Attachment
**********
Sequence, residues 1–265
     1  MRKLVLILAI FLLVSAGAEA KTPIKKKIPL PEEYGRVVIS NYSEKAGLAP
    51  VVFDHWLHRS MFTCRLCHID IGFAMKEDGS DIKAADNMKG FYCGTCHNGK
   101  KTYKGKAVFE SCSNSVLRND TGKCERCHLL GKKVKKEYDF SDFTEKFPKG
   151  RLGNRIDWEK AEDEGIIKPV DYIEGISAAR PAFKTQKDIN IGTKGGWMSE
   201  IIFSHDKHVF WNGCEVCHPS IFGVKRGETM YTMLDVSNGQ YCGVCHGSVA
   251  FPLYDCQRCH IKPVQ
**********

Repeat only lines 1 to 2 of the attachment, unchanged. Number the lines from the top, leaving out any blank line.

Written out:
Sequence, residues 1–265
     1  MRKLVLILAI FLLVSAGAEA KTPIKKKIPL PEEYGRVVIS NYSEKAGLAP